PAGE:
How Former GB Hockey Player, Ed Horler, Found Success in Moving Out of his Comfort Zone
add-victor had the pleasure of speaking with recent alumni, Ed Horler, as he reflects on his final few years of playing professional hockey. As often the case with elite athletes, the defining aspects of their sports career, be it adversity, adaptability, or simple drive, they find a way to apply that to other areas of their life, particularly the workplace.
My passion for hockey began when I was six playing for my local club, Bath Buccaneers. I continued to be inspired at Millfield School and immersed myself in a number of sports; rugby, cricket and tennis. When I turned fifteen, I decided to specialise and focus on hockey.
Following my A-levels, I chose the equally competitive environment to study, Loughborough University, where I would complete my bachelor’s in parallel with my athletic career. After joining the Great Britain hockey programme and representing Wimbledon HC for three years, I decided to take a one-year opportunity playing for Royal Racing Club de Bruxelles, in one of the most competitive leagues in world hockey. This move proved to be incredibly important on multiple levels; most notably as it pushed me outside my comfort zone. I embraced the challenges of moving abroad, building relationships in a different language with a new team and coaching staff, all in the year of the global pandemic.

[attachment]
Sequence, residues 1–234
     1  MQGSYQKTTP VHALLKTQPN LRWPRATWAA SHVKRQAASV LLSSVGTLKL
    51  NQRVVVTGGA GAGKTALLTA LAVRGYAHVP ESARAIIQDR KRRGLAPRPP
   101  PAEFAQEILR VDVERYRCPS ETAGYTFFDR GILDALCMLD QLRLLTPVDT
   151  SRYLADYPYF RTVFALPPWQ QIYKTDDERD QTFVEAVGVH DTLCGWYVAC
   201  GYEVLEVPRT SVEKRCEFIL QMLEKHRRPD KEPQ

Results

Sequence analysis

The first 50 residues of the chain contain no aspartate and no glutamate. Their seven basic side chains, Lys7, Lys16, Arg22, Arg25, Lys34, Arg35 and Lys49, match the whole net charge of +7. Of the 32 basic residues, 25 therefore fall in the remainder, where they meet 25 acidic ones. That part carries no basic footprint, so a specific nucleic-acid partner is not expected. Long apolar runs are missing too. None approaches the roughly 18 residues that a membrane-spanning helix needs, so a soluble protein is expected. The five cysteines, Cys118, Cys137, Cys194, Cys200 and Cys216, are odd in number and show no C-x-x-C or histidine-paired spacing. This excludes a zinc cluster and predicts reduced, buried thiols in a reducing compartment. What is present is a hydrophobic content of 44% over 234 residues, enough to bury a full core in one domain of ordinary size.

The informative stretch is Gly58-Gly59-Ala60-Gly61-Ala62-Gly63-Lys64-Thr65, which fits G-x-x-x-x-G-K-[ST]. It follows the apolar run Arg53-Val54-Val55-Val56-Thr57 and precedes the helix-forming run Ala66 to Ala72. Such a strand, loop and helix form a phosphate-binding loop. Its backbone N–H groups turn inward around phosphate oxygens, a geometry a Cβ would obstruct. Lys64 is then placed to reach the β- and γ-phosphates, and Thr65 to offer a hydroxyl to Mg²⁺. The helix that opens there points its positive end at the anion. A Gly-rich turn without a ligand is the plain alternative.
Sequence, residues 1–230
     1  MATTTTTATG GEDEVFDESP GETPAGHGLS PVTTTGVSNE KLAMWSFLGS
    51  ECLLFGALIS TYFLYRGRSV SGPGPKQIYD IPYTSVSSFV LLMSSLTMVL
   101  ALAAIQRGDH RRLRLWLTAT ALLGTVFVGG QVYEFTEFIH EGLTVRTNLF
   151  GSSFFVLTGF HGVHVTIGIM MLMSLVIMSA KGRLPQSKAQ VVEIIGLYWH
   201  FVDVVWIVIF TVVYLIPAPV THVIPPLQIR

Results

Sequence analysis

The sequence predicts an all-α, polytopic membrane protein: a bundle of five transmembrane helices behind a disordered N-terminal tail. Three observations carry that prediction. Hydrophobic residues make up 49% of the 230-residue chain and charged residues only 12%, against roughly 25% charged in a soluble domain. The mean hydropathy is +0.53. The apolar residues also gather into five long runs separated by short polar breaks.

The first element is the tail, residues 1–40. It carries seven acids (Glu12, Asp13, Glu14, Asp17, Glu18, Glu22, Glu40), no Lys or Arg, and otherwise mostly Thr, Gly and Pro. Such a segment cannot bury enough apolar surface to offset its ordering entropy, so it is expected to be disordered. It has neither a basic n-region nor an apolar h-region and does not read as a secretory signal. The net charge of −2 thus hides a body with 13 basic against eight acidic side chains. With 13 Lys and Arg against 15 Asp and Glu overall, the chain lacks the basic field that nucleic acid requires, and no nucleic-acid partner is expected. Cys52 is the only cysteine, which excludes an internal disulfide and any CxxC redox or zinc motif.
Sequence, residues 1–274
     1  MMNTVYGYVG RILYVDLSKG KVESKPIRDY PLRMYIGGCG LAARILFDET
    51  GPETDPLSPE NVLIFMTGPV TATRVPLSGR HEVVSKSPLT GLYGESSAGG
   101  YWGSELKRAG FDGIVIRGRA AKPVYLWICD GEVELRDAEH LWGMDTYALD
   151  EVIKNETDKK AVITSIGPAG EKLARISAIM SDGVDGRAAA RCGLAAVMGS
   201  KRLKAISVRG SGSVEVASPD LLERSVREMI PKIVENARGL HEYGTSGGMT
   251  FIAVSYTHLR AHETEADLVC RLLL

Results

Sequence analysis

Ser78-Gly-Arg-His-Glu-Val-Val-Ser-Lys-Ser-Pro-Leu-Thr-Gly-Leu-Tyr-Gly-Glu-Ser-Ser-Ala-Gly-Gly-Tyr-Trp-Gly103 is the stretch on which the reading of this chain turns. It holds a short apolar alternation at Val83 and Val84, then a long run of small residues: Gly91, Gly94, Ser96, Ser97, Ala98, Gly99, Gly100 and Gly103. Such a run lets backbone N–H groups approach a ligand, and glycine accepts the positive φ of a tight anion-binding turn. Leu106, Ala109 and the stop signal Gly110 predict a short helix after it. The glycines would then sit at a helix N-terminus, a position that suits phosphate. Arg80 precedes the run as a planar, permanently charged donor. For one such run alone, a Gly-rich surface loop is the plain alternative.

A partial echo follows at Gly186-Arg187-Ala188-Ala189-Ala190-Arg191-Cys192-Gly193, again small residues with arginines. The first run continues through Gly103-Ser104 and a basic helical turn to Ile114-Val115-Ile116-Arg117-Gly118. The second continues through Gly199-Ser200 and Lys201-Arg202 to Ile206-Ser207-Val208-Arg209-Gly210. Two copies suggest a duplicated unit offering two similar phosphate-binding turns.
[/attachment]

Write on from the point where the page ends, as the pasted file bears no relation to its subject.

I arrived just in time for pre-season and had to quickly adapt to the surroundings. A new way to train and a different style of play was an initial shock but this was all alleviated by the bonds created and compassion shown from my teammates. This highlighted a new dynamic to teamwork for me, showing that the efforts and connectivity made off the pitch significantly translate to the playing field. I had often been familiar with a lot of the components regarding my education, hockey clubs, which perhaps created a level of complacency. But with the challenges of the unfamiliar I was able to try new strategies, shift my perspective so I could still be productive and effective on the field.
Their support enabled me space to develop new skills and approaches to the game that I hadn’t faced before. The challenge of playing abroad and breaking the social norms, allowed me to build new relationships but also to grow and live independently.
I am extremely excited about my transition away from professional sport and into asset management. I look forward to this new challenge and somewhere I can apply my performance mindset within a corporate environment. I certainly feel those experiences where I moved out my comfort zone will provide excellent foundation blocks to tackle any new and unfamiliar environments as I start my new career.